The dynamics of the global apparel retail industry are changing rapidly, more so than during any time in the past 100 years. We are witnessing a rapid shift to online fashion retail and the closing of traditional brick-and-mortar shopping centres. This, in turn, is visibly having a dramatic impact on the retail landscape.
Well-known retail names are, in some cases, disappearing. They are being replaced by smaller, more nimble companies which operate almost exclusively online and bring trends straight from the catwalk onto their website in as little as two to three weeks in some cases.
The keyword in all of this is “uncertainty”. It doesn't matter whether you are a major multinational with thousands of stores around the global or an independent, online operator with a tiny market share. Uncertainty is the nature of the game right now.
Will more businesses migrate online? The truth is, nobody can tell for sure. Can traditional fast fashion retailers maintain their current business models which are still predominantly about huge, flagship stores in major cities around the world? Or do they need to completely reinvent themselves?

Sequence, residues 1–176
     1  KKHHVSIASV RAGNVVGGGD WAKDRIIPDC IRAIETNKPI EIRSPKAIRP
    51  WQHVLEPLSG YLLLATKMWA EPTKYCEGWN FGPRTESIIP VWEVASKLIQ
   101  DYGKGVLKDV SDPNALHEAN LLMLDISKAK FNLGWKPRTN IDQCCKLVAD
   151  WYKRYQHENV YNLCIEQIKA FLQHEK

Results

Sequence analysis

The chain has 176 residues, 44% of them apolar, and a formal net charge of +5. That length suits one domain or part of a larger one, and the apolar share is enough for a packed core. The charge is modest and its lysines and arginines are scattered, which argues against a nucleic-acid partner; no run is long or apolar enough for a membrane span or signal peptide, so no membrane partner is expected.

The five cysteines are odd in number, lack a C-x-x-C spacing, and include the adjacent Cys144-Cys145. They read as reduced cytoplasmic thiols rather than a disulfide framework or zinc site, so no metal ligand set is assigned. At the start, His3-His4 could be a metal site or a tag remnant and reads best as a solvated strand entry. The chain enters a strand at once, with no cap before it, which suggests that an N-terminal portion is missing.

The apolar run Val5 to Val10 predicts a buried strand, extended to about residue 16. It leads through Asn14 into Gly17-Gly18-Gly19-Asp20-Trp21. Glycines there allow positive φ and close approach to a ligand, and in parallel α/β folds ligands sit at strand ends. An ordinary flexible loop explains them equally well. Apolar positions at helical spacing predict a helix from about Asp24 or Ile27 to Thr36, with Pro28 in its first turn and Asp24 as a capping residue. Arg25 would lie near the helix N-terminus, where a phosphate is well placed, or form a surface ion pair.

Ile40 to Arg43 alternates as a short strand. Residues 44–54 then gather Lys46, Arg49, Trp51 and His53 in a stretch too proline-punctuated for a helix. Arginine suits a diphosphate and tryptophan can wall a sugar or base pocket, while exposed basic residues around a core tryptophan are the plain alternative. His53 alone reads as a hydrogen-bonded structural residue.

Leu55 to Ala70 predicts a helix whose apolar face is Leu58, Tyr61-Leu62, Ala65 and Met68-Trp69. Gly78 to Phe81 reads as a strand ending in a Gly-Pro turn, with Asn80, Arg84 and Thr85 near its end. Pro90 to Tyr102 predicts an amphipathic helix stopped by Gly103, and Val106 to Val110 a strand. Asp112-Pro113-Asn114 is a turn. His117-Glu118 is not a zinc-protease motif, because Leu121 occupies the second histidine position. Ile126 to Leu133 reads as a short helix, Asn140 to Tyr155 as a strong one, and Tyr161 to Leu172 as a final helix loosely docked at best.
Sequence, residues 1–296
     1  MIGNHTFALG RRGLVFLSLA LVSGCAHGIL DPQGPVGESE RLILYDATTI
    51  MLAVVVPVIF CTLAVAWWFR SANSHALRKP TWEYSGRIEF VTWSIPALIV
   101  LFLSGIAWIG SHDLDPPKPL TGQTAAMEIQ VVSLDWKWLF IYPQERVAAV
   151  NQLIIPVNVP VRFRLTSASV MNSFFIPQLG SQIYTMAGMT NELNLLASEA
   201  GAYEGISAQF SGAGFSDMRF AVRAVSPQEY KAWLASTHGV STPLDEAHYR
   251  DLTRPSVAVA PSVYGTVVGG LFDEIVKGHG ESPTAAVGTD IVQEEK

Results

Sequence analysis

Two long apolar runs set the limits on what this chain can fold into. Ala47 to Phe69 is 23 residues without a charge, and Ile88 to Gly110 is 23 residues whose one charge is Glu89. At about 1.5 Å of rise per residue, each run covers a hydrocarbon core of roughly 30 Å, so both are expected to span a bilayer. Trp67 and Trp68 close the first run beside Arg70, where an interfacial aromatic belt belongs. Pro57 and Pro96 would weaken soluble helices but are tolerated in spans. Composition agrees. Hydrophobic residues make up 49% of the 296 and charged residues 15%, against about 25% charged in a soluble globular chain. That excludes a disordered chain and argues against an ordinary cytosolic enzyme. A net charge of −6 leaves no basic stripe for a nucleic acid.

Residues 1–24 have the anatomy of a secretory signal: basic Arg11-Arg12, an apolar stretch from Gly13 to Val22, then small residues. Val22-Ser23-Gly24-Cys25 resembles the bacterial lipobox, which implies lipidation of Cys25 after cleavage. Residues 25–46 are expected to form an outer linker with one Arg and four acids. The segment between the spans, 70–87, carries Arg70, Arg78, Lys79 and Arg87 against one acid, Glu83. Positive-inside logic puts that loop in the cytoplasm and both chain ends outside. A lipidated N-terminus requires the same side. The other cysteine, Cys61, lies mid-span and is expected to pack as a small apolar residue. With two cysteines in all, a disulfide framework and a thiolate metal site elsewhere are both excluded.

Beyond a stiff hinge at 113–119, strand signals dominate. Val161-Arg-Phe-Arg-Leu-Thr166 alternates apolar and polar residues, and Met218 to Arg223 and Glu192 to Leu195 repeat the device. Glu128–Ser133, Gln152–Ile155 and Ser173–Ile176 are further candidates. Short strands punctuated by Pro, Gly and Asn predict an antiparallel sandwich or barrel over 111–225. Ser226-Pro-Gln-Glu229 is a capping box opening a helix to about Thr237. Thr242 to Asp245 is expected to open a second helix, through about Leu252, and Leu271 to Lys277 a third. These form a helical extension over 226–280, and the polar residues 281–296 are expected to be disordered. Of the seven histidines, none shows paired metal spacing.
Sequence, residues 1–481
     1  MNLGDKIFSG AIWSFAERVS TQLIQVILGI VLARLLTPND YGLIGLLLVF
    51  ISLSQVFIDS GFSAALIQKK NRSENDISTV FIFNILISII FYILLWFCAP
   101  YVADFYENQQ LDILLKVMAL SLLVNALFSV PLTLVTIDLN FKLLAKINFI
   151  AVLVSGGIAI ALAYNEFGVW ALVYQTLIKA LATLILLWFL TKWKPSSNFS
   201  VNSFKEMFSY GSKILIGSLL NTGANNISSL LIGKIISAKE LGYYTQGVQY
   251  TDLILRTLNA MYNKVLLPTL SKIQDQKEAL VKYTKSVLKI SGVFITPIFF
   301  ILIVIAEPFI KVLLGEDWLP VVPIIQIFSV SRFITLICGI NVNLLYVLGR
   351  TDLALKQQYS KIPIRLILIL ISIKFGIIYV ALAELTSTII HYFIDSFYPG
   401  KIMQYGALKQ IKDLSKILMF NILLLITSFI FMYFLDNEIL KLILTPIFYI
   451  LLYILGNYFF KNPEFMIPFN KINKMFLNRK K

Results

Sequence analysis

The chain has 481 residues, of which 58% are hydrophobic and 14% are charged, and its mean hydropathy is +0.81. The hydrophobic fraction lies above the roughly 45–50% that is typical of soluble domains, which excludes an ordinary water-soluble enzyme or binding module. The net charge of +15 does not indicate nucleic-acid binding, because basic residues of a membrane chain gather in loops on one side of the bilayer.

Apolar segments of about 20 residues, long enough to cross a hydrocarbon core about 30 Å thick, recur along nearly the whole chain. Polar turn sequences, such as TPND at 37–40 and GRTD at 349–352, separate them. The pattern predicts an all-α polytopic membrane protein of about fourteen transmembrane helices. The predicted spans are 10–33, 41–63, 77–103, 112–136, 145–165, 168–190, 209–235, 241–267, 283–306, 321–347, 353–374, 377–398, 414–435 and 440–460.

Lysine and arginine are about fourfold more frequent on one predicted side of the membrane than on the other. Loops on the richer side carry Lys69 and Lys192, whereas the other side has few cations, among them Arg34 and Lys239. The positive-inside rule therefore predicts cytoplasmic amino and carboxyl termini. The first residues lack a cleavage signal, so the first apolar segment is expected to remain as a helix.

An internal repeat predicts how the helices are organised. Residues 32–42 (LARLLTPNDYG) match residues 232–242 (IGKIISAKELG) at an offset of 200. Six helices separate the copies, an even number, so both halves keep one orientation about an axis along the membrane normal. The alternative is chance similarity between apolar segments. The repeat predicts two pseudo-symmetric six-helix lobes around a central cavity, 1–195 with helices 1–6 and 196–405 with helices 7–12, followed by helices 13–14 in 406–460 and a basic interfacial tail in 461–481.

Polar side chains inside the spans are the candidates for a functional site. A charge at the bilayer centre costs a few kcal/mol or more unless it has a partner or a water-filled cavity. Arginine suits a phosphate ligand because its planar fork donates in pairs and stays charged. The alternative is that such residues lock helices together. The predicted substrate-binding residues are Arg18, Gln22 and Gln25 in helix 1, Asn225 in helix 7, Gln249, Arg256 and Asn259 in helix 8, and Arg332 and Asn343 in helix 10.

Again, while people may have an opinion on this, the reality is that nobody knows for sure.
We know that there is uncertainty in the retail space. Look at the apparel supply chain and you'll see a very similar picture. This state of uncertainty is partly a direct result of the doubt we see on the high street—global apparel brands often squeeze suppliers if they face financial challenges of their own. But there are other reasons as well for this uncertainty in the apparel supply chain.
Here in Bangladesh, in the apparel retail space, we have been witnessing the biggest changes taking place for decades. We have seen huge factory upgrade programmes which have made our industry much safer. There has been a rationalisation of the industry, with more and more orders going to larger factories and a reduction in the number of “backstreet operators” which cannot operate in the current environment where there is so much emphasis on compliance.
Against this backdrop, it is quite ironic, to say the least, that in a great many cases, the relationship between buyers and suppliers continues to be adversarial. The day-to-day reality for many suppliers is that the relationship with western brands when doing business is confrontational.
As mentioned previously, there is constant pressure by buyers to keep unit prices down, regardless of the fact that costs might have increased due to, for instance, the increase suppliers have seen in the minimum wage for factory workers. This increase in the minimum wage has, in the vast majority of cases, had to be absorbed by the supplier factory.
Other costs have also increased for suppliers—an obvious one being the cost of remediation to improve factory safety in line with the stipulations of the Accord, Alliance and National Action Plan. Again, these costs have been absorbed internally.